Mini-Books: A Crafty Way to Review Grammar

June 6, 2019
Becky Zellen

A few years ago, while reading a Family Fun magazine in a doctor’s office, I came across a child’s craft called “magic books.” I thought that it would be fun to do with my own children, and then I immediately tried to think of ways to turn it into a useful tool in my high school Spanish classroom.

To create a mini-book, you need a sheet of 8.5 x 11-inch paper and a pair of scissors. When I make the mini-book with classes, I create a template for my students to follow.

We begin the process by folding on the lines and then cutting out the shaded area. With a little crafty folding, the sheet of paper magically turns into a book. For step-by-step instructions, check out this link on

The first time I used this in the classroom, I was reviewing informal commands in Spanish. For grammar topics that can be challenging, I usually do traditional guided notes and then I like to follow-up with a graphic organizer a couple days later. This allows students to review their grammar notes in a clear and concise manner. By creating a graphic organizer, students take what they have learned and reorganize it in a way that helps them remember. Instead of the typical reference sheet that looked like the following:

I decided to take the same information and organize it into the mini-book. The first two pages reviewed how to form regular affirmative and negative informal commands. Pages 3 and 4 reviewed the irregular affirmative and negative commands. Pages 5 and 6 explained direct object pronoun placement. Finally, there was space to add the lyrics to a song that I use to teach the irregular commands on the back cover.

I noticed that students referred to their mini-books as we continued to review and practice this lesson. Also, in the following years, I noticed my upper level students still in possession of their grammar mini-books from the previous year in their binders.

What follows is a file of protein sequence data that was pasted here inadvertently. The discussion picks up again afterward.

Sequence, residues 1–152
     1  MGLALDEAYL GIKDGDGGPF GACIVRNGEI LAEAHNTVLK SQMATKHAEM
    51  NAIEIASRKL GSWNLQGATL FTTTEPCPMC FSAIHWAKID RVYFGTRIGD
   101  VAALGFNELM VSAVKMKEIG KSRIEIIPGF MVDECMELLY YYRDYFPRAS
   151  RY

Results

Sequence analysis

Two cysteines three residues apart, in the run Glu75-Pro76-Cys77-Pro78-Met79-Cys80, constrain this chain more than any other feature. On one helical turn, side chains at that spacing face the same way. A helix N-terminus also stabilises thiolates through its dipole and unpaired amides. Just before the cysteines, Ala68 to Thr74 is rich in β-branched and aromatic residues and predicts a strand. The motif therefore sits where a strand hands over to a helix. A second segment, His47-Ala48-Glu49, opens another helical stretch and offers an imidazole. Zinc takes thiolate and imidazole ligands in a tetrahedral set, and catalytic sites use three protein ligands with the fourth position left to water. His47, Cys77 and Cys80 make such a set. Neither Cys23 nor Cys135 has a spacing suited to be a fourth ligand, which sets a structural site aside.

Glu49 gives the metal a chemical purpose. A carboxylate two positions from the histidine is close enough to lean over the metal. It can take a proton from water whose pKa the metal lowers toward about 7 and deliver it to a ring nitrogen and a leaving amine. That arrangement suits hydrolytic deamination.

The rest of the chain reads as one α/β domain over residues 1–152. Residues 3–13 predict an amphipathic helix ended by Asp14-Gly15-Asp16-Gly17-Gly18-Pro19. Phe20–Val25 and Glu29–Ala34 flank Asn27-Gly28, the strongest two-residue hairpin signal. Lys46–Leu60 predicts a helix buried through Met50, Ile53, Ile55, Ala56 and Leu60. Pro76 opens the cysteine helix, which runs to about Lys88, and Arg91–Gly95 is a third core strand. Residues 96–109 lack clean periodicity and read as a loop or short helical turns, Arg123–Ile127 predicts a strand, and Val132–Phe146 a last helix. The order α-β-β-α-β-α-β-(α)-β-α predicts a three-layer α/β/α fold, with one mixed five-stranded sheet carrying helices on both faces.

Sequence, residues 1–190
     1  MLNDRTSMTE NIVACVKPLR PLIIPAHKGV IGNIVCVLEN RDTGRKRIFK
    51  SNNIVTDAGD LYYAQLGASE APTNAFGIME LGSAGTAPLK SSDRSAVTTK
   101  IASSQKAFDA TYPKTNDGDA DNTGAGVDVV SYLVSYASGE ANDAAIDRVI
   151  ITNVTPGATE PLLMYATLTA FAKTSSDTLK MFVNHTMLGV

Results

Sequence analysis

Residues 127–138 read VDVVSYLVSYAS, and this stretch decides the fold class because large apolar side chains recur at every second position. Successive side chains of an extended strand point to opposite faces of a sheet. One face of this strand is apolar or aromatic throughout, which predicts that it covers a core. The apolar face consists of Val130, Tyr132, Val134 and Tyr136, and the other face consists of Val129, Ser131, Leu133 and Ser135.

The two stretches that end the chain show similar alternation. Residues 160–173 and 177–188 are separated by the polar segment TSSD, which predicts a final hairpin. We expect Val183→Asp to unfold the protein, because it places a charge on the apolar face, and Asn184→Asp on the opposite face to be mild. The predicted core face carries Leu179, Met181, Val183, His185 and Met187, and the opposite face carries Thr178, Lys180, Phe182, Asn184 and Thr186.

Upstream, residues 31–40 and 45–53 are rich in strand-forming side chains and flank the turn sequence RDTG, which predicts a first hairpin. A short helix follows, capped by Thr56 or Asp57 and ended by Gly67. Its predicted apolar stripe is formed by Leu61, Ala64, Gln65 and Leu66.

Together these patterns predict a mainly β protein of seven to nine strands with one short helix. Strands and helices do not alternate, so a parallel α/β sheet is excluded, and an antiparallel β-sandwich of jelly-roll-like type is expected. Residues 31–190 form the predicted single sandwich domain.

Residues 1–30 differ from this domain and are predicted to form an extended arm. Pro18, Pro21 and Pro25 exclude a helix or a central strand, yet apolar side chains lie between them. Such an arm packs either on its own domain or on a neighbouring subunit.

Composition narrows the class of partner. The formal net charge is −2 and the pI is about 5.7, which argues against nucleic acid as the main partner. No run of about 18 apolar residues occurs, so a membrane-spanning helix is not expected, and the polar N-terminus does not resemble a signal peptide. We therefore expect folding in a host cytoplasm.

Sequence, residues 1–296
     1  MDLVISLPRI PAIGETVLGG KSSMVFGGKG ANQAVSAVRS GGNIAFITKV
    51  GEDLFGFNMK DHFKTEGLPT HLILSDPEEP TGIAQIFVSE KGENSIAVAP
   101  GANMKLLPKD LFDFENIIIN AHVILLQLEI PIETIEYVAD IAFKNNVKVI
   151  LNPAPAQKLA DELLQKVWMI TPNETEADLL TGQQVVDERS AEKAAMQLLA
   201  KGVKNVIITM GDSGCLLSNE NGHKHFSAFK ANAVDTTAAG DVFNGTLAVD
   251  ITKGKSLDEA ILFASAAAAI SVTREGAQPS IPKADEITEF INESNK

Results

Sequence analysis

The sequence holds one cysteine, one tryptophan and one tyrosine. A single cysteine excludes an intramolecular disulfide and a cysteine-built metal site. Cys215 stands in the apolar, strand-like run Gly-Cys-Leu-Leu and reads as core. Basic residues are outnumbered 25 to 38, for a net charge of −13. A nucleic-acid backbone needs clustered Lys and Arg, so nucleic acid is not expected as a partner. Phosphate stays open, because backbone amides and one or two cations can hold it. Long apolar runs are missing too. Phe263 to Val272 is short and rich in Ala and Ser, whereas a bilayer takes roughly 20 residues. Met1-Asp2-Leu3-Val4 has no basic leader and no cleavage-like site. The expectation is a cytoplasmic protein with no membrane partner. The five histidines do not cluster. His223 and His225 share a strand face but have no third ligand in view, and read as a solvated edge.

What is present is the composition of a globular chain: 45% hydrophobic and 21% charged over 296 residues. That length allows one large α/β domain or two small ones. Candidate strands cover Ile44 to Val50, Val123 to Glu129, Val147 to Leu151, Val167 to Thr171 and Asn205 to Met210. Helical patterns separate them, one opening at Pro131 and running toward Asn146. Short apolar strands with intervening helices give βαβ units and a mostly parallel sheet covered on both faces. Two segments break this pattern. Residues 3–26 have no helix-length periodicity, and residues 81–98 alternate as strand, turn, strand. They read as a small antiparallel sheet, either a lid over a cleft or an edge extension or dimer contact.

I’ve used this technique to review reflexive verbs as well. The pages include:

  1. What is a Reflexive Verb?
  2. Reflexive Pronouns
  3. Reflexive Pronoun Placement with Conjugated Verbs
  4. Reflexive Pronoun Placement with Infinitive Verbs
  5. Reflexive Pronoun Placement with Gerunds
  6. Reflexive Pronoun Placement with Commands

Creating a mini-book in class provides students the opportunity to review and rewrite their notes with guidance from their teacher.  As a result, they are also learning an important study technique in addition to the curriculum.  

While making a mini-book with your class, encourage your students to brainstorm and share grammar examples that they create with their classmates in groups. By applying this new knowledge, sharing their examples with others, and reorganizing their original notes to a simpler form, learning is reinforced. 

You may use mini-books for more than reviewing grammar topics. You can make a mini-book out of a 12 x 18-inch sheet of white construction paper, to use with storybook projects. I have used these larger mini-books for reflexive verb storybooks and preterit and imperfect stories. The possibilities on how you can use this tool are endless. Most importantly, whenever I bring out paper, scissors, crayons, and/or colored pencils in my high school classroom, students tend to be engaged and ready to do the project at hand. It’s almost as if they are transformed to eager Kindergarteners who are excited about what they are going to do next.

Becky Zellen earned her BA in Spanish and teaching certificate from the University of Michigan, and her MA in Educational Leadership from Saginaw Valley State University.

She has been teaching Spanish for 20 years at Dakota High School in Macomb, Michigan, where she also serves as the World Language Department Chair. Becky has also contributed to other Teacher’s Discovery materials, including The Complete Spanish Teacher’s Handbook, and The Spy Rabbit World Language DVD series. Becky also enjoys spending time with her husband, daughters, and golden retriever.

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